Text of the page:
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How much protein should I eat after a workout?

How much protein should I eat after a workout?

Controlling your daily protein intake is one of the most important factors involved in achieving your fitness goals. Protein is packed with molecules called amino acids, which the body needs to function properly. There are 9 amino acids called “essential,” because they aren’t produced by the human body and can only be obtained by eating foods with them. That means post-workout replenishment is a must if we want to help our muscles recover and build new muscle tissue. 

To make this happen, we need to consume an adequate amount of protein close to the time of our workout.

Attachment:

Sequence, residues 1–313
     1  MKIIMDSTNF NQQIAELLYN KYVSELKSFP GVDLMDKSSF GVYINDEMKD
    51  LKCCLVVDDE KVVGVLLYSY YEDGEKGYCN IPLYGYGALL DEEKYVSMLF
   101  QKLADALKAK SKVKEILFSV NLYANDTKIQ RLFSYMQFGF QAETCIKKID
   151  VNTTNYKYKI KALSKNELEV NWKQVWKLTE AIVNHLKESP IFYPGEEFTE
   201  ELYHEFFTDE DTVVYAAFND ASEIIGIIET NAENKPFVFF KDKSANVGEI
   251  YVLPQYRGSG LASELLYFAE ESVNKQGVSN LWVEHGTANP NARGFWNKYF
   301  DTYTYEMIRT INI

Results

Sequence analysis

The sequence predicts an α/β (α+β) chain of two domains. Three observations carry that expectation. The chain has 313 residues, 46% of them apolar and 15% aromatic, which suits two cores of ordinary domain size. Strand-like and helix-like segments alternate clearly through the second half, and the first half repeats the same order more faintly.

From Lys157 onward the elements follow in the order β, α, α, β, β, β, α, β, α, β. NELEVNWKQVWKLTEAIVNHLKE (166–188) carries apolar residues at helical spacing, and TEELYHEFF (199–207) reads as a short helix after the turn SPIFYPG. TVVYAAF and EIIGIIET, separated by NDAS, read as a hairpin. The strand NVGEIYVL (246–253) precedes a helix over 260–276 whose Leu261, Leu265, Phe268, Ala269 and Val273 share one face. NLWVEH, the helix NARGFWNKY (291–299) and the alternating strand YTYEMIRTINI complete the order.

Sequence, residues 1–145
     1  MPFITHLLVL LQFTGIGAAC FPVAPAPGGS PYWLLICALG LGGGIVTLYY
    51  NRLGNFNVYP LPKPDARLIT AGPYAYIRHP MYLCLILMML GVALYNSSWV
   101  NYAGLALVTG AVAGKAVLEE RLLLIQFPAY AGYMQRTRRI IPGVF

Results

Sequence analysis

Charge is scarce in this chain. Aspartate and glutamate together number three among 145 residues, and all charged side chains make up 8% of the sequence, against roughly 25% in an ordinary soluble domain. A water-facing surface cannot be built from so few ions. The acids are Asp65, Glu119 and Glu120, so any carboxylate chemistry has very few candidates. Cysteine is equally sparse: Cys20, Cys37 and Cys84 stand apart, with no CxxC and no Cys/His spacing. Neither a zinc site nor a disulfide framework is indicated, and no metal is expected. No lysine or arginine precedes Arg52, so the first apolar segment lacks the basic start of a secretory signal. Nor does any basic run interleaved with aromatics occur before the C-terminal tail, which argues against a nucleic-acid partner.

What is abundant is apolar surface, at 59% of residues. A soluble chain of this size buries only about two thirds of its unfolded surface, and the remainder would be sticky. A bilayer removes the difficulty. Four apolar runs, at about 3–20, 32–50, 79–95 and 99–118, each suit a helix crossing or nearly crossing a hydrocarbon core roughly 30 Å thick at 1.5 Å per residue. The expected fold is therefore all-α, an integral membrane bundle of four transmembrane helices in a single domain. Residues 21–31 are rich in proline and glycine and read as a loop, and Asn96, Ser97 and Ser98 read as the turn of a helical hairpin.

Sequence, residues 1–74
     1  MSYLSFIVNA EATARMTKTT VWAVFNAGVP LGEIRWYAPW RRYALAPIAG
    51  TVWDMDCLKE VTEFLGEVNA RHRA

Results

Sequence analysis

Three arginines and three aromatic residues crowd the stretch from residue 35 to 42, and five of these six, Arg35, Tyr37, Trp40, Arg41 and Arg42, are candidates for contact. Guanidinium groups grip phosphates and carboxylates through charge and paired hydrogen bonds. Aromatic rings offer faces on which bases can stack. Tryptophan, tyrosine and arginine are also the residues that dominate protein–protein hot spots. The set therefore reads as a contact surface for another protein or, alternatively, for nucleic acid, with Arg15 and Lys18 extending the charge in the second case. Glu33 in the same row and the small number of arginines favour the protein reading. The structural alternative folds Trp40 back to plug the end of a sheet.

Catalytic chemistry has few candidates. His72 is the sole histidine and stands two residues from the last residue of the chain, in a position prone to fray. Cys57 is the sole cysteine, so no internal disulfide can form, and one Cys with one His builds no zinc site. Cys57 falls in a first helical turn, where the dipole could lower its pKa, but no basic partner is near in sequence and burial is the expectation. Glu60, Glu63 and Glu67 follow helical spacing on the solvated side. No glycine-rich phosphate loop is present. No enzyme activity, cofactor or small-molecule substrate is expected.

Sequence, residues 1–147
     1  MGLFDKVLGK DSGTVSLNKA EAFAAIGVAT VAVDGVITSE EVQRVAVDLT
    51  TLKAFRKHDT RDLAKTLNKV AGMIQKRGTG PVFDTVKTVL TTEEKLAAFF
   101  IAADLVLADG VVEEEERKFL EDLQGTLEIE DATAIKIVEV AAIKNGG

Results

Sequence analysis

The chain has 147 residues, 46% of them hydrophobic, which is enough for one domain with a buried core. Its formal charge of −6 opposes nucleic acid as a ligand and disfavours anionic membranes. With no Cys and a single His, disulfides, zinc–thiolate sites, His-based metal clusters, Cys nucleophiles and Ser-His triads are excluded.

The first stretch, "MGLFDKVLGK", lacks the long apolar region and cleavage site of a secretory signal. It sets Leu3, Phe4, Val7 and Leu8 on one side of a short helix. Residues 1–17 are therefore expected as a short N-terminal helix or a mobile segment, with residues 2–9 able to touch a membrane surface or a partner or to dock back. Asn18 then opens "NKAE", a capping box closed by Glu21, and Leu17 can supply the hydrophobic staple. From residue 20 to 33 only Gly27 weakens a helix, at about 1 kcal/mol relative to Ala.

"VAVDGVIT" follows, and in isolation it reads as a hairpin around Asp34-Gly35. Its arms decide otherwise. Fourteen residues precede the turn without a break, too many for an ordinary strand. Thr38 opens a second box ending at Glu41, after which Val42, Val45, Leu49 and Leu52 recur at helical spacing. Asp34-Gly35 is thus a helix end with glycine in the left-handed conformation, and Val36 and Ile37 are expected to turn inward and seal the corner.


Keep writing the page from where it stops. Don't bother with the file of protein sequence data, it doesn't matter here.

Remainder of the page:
Protein is frequently used after exercise, as this is when our bodies are trying to rebuild glycogen stores and regrow muscle proteins. During exercise muscles use up their glycogen stores for fuel, partially depleting the muscles of this form of energy. Some of the proteins within muscles also get broken down and damaged, so consuming protein post-exercise can allow for efficient muscle recovery. While bodybuilders and others looking to preserve or gain body mass are most known for following high-protein diets that involve lots of lean meat and protein shakes, that's just one dimension of protein. In addition to being important for size and strength, studies also show that protein can be important for preserving muscle mass when burning energy during exercise. 

In other words, even if your goal is weight loss and you are happy with your current level of muscle mass, meeting your protein needs is still important so you can prevent muscle loss, which could negatively impact your strength and physical health depending on your daily schedule and routine.